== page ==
Exotic : of foreign origin or character; not native; introduced from abroad, but not fully naturalized or acclimatized
Across the United States, millions of exotic animals are kept captive in private homes and in roadside zoos and menageries. The trade in exotic animals is a multi-billion dollar industry, and exotic animals are bred, sold, and traded in large numbers.
But these animals — including, among other species, lions, tigers, cougars, wolves, bears, monkeys, alligators, and venomous snakes and other reptiles — pose grave dangers to human health and safety. By their very nature, exotic animals are unpredictable and are incapable of being domesticated or tamed.
In many states, people are allowed to keep exotic animals in their homes and backyards without restrictions or with only minimal oversight. The conditions in which privately-owned exotic animals are kept also raise serious animal welfare concerns. Most people cannot provide the special care, housing, diet, and maintenance that exotic animals require. Many animals who have become too difficult for their owners to care for, or who have outgrown their usefulness as "pets" or profit-makers, end up languishing in small pens in backyards, doomed to live in deplorable conditions, or are abandoned or killed.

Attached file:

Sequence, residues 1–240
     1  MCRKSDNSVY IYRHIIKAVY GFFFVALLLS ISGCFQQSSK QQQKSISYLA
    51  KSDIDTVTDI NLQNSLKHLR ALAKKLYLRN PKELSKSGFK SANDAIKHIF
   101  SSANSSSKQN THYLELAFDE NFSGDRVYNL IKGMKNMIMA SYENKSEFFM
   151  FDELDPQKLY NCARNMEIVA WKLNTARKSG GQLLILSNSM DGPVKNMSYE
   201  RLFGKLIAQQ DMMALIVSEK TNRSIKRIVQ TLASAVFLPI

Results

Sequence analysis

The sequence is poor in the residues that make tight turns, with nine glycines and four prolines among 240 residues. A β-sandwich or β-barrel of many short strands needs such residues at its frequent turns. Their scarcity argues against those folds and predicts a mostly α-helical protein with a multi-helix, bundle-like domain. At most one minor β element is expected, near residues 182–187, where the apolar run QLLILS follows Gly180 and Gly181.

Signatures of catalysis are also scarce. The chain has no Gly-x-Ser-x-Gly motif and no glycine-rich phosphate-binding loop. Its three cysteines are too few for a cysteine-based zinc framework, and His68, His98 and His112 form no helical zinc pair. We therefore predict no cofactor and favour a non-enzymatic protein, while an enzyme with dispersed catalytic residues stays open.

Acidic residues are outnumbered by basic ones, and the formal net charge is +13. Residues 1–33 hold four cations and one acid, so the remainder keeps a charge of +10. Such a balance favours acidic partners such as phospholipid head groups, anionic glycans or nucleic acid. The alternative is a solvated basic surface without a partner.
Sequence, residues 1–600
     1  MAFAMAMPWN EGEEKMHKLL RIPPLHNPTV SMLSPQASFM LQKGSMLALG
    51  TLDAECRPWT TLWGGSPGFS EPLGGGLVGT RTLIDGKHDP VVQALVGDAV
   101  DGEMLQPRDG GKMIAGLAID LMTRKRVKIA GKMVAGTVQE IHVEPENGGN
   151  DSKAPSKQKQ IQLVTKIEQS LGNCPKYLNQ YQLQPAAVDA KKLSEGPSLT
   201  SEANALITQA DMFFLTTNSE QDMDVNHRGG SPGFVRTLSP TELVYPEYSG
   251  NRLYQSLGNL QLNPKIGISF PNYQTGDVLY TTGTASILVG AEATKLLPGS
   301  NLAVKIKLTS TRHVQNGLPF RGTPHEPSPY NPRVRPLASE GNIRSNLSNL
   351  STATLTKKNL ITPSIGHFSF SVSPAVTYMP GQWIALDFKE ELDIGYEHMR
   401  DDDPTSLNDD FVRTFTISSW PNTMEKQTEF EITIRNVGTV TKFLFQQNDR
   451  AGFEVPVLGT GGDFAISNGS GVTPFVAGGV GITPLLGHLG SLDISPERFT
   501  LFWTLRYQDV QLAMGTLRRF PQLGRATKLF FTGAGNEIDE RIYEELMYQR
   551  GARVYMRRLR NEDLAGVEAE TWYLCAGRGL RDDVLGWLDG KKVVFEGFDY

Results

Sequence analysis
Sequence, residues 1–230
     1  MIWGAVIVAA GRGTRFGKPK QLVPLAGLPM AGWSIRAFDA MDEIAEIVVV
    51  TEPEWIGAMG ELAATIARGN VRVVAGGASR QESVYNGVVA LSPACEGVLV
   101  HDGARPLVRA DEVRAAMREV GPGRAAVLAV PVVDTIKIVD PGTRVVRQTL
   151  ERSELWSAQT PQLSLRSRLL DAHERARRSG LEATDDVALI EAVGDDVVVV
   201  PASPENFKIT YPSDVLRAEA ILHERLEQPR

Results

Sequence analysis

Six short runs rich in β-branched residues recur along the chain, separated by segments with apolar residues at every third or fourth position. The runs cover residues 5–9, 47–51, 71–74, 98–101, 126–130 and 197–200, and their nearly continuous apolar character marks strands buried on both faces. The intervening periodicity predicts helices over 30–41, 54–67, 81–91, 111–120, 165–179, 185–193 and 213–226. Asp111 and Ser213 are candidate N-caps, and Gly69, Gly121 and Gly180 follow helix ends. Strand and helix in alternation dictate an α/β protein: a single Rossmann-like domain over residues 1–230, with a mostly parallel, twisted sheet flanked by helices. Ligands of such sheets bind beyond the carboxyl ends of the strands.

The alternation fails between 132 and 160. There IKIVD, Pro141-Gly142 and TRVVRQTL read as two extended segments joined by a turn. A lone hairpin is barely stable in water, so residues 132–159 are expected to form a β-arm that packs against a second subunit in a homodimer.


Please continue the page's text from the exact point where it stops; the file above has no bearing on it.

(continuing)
It has been estimated that as many as 15,000 non-human primates are kept by private individuals as pets in the United States. Nine states ban the keeping of non-human primates, but no federal law regulates ownership. In 1975, the Center for Disease Control prohibited their import into the US for use as pets. The breeding industry uses descendants of animals imported before 1975. Non-human primates of various species, including those listed as endangered, such as cottontop tamarins, baboons, chimpanzees, Diana monkeys, slow lorises, lemurs and gibbons are still available for purchase in the US.
In 2003, the US Captive Wild Animal Safety Act became law and in September 2007 the US Fish and Wildlife Service enacted rules to enforce the CWASA. The law now bans the sale or transport of big cats, which includes lions, tigers, leopards, jaguars, cougars, snow leopards, clouded leopards, cheetahs and their hybrids across state lines for the pet trade. As of November 2010, most US states forbid the possession of exotic pets, but 9 states have no license or permit requirements.
NPR : Should Exotic Animals Be Kept As Pets?